Term Paper: Augustine's Main Problem

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[. . .] But if nothing could harm you, that removes any ground for combat [between good and evil], and indeed combat under such conditions that some portion of you, one of your members, or an offspring of your very substance, is mingled with hostile powers and with natures not created by you, and is corrupted by them and so changed for the worse that it is altered from beatitude to misery and needs help to deliver or purify it (VII.ii.3).

3. What made Augustine give up on astrology? Compare what he says about astrology in book VII with what he says about it in book IV, Chapter 3.

Augustine gave up on astrology because of an argument that Firminus presented to him. Previous to this, he regularly consulted astrologers, and even described himself as being addicted to such consults. During this time, a friend named Vindicianus often tried to persuade Augustine that the science or art of reading the stars was driven by nothing more than chance:

asked him why it was that many of their forcasts turned out to be correct. He replied that the best answer he could give was the power apparent in lots, a power everywhere diffused in the nature of things... he used to say that it was no wonder if from the human soul... some utterance emerges not by art but by 'chance' which is in sympathy with the affairs or actions of the inquirer (IV.iii.5)

At this point in his life, however, Augustine was not thoroughly convinced that those who studied the stars and formed forecasts of people's lives were wrong:

had not yet found the certain proof for which I was seeking, by which it would be clear beyond doubt that the true forecasts given by the astrologers when consulted were uttered by chance or by luck, not from the science of studying the stars (IV.iii.6).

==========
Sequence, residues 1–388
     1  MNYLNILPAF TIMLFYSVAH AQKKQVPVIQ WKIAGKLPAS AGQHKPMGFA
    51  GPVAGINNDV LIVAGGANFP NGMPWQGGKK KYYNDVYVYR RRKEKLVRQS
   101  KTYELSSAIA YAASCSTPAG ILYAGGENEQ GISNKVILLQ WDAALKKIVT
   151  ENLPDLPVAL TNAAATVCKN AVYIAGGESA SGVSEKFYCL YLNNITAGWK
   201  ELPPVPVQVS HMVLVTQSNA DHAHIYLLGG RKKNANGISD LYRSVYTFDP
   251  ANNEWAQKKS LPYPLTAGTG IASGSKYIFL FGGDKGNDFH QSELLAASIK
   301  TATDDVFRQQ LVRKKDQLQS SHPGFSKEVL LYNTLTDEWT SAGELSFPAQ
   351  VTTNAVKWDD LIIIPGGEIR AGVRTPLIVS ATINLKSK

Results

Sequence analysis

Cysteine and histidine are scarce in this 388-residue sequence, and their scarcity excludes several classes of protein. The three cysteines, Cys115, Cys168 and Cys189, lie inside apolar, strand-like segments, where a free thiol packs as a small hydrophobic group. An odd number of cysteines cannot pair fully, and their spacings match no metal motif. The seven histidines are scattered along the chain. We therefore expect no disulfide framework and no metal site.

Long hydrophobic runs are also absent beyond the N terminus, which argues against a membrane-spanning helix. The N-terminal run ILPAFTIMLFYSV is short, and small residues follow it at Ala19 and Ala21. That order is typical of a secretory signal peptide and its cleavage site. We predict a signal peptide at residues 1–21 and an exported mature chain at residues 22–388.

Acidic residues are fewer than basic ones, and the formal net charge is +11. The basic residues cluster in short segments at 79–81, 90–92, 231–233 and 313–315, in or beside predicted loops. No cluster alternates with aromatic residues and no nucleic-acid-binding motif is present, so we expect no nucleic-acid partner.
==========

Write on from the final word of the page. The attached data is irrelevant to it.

The convincing argument that would finally inspire Augustine to abandon all hope in the truth of astrology was offered up by a friend named Firminus. It was after Firminus' explanation that Augustine finally came to believe that "the certain inferences that the true predictions on the basis of horoscopes are given not by skill but by chance, while false forecasts are due not to lack of skill in the art but to chance error" (VII.vi.9).

The story that Firminus told was the story of his own birth. At the time when his mother was in labor with him, a friend of the family was also in labor. This friend was a slave woman, and his mother was not. Both Firminus and the slave woman's child were born simultaneously, thus having the exact same horoscope. Firminus explained that while his "wealth increased," and he was elevated to high honors," his friend with the same horoscope "experienced no relaxation of the yoke of his condition" (VII.vi.8). Thus Augustine concluded that the art of astrologers was subject to doubt.

4. What question about the origin of evil troubled Augustine, and what answers did he find?

The question about the origin of evil that troubled Augustine was how evil could have come to exist if God, who was entirely good and perfect, created the entire universe. Augustine reasoned that a good and perfect God who was incapable of being corrupted could only create things that were good. The universe itself had its foundation in God, and there was not even a realm outside of the universe from which some substance or force called evil could have come:

For you evil does not exist at all, and not only for you but for your created universe. There is nothing outside it which could break in and destroy the order which you have imposed upon it (VII.xiii.19)

As might be expected, Augustine found that "evil" was not a substance to be discovered. The reason, then, that he had such a hard time finding out the origin of evil was because evil was not a substance that could have the sort of origin that he expected. Instead of being a substance, it was a condition, a disposition, a state of mind wherein the person's will was " twisted away from the highest substance, you, O God, towards inferior things, rejecting its own inner life and swelling with external matters" (VII.xvi.22). [END OF PREVIEW]

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